Dai Woosnam of Dai Woosnam
reviews Parallel Strands by Martin Graebe & Shan CowanThis CD arrived on my desk at the exact same moment we lost the great Cyril Tawney. And this proved to be of significance when it came to reviewing this CD. And here is for why.
You see, whenever a major figure takes his final bow, it is inevitable that we critics want to take our own retrospective view of that artiste’s often considerable creative output. And in playing my Tawney albums, one LP got played more than the others: his wonderful 1971 album for Trailer “Down Among The Barley Straw”. This Tawney album has, on its cover, these words under its title: “Seduction songs from the Baring-Gould manuscripts”.
Now, the material on these two albums 34 years apart, does not overlap: the repertoire is completely different. But that said, it has this in common: both recordings were made from the standpoint of total respect for the lifetime works of the Reverend Sabine Baring-Gould.
And lest you think that is stating the obvious, let me remind you that the said Reverend’s long life (1834-1924) had moments in it that were not to everyone’s cup of tea. Indeed it is fair to say that the last 34 years have been kinder to him, and his magnificent contribution to Folk Song collecting has been more widely accepted and acknowledged. But back in 1971, Baring-Gould was generally regarded as a narrow-minded Victorian who had committed the gravest of crimes in bowdlerising some of the finest songs he collected. Back then in 1971 at the tail-end of Flower Power and the Sexual Revolution of the 1960s, this was seen as nothing short of “cultural vandalism”, and Baring-Gould was regarded by many Folkies as an arch criminal, and quite beyond the pale.
But just as Peter Bellamy did his bit to “rehabilitate” an even greater man’s image (Rudyard Kipling) an image that shouldn’t have needed rehabilitating - so Cyril Tawney went to work on the Reverend. He pointed out that Baring-Gould was a product of his time, and was able to put his actions in context. And he was also able to show that contrary to popular belief, many of the “offensive” lyrics were indeed kept by Baring-Gould and not destroyed.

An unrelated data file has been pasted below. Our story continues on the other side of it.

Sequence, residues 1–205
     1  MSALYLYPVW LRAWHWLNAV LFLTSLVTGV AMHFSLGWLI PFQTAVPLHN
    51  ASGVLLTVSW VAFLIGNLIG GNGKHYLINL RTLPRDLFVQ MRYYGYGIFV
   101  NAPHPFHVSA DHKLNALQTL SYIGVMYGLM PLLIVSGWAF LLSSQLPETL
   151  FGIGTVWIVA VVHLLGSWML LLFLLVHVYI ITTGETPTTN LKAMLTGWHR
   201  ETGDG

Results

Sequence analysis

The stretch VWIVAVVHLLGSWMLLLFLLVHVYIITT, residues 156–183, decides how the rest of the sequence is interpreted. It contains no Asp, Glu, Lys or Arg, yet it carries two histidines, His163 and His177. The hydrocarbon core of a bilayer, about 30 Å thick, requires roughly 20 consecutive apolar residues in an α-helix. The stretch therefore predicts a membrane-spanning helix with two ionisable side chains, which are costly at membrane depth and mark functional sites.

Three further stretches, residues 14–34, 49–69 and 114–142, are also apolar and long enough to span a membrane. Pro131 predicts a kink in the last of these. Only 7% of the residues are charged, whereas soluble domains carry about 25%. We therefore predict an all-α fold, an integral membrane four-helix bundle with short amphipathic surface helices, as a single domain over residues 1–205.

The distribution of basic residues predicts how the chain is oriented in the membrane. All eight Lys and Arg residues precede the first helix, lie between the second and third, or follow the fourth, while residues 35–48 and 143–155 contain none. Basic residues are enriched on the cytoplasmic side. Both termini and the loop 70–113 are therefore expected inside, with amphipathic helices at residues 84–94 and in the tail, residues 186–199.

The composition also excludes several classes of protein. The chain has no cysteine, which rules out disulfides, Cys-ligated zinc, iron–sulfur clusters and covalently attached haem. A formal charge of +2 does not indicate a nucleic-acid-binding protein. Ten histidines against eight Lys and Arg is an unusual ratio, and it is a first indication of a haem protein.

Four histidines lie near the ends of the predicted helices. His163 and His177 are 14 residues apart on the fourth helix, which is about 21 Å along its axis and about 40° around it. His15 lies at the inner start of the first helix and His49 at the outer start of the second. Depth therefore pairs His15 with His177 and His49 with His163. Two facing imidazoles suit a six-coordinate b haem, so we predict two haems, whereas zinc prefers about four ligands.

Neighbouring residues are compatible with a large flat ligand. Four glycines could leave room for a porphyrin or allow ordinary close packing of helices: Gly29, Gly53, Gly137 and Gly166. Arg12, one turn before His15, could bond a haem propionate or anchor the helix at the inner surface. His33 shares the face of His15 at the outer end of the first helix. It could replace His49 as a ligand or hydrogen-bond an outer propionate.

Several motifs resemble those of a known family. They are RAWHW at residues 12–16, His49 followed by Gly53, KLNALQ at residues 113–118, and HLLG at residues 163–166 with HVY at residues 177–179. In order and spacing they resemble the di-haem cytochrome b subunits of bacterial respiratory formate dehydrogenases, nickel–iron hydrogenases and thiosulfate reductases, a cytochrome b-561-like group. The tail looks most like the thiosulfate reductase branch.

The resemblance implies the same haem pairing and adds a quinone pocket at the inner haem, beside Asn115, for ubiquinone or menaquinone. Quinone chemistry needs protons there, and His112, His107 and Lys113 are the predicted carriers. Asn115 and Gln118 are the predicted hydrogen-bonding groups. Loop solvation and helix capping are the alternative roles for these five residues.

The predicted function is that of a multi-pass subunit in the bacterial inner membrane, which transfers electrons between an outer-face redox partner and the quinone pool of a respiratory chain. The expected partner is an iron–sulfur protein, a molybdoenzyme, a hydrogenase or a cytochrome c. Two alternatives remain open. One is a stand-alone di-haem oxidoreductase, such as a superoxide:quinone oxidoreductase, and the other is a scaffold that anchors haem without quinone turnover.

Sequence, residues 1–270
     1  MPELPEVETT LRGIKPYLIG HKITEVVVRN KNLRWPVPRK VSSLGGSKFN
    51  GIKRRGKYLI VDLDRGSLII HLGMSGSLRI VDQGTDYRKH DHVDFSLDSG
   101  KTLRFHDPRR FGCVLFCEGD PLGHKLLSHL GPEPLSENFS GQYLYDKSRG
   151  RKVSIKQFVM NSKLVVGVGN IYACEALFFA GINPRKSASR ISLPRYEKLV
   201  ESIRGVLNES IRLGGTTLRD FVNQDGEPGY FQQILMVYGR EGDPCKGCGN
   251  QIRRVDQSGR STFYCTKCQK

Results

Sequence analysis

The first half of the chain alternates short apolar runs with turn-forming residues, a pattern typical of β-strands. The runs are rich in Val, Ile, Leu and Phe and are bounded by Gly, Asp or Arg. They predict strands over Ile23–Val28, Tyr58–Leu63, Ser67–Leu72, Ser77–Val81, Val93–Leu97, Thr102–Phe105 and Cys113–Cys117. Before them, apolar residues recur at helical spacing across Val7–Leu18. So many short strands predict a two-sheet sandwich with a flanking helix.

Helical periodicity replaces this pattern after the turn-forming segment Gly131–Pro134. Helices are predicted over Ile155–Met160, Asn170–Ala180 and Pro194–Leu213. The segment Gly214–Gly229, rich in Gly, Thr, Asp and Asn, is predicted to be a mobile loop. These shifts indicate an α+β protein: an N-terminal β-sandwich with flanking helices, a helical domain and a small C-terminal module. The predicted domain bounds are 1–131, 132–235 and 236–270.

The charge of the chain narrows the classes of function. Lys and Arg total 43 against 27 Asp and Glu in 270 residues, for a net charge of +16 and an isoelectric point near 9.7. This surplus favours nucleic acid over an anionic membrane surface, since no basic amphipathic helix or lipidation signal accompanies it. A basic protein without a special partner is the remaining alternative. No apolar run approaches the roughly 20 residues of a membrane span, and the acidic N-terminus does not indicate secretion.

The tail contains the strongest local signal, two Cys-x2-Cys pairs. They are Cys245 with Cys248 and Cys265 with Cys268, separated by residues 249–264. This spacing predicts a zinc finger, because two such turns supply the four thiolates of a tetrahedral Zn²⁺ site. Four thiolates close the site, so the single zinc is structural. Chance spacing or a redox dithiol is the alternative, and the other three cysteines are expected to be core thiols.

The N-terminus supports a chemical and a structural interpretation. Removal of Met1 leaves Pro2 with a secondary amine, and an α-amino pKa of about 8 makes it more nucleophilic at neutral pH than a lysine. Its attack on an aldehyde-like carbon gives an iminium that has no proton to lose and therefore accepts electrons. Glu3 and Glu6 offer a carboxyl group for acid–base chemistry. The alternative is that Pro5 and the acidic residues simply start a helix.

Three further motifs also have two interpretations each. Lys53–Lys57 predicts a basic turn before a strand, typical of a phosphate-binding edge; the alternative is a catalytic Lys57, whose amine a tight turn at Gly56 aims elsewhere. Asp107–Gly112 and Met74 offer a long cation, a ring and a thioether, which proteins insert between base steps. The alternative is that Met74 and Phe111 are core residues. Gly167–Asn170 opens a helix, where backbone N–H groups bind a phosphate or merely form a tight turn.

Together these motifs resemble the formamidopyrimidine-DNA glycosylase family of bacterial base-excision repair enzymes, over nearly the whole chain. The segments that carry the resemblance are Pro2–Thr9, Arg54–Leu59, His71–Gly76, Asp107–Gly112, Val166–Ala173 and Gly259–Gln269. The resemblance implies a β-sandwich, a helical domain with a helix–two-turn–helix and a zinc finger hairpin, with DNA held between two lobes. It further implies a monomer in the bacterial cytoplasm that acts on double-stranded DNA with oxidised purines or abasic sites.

And thus we find ourselves today in 2005 and far different times. Martin Graebe and Shan Cowan when making this CD did not find themselves putting their heads up over the parapet (and thus inviting the Folk Mafia to take pot shots). Times are different. Old Sabine is a good guy now.
And Martin Graebe also deserves credit for his long research into Baring-Gould. Graebe is noted for his considerable knowledge on his subject. And these two singers met a few years ago at the “Baring-Gould Study Break”. Thus it is that this duo have been singing together for a goodly while now: and it shows. They have that blending of voices that rarely comes overnight.
This was originally planned as an “a cappella” album, but some musician chums asked if they could have some input. And the album is all the better for them. I particularly liked Keith Kendrick’s fine concertina accompaniment.
Nothing on the album grated, and every track paid its rent on the CD. Ask me for a stand-out track and I have to give you an answer that may disappoint Sabine’s true fans: Track 14, “From Severn, By The Somme”. It is one of several Graebe originals on this CD, written simpatico with the Baring-Gould collection (hence the album’s title “Parallel Strands”). But it shows Graebe’s abilities as a songwriter to the full.
A “must” for fans of Sabine Baring-Gould, and a strong “maybe” for others.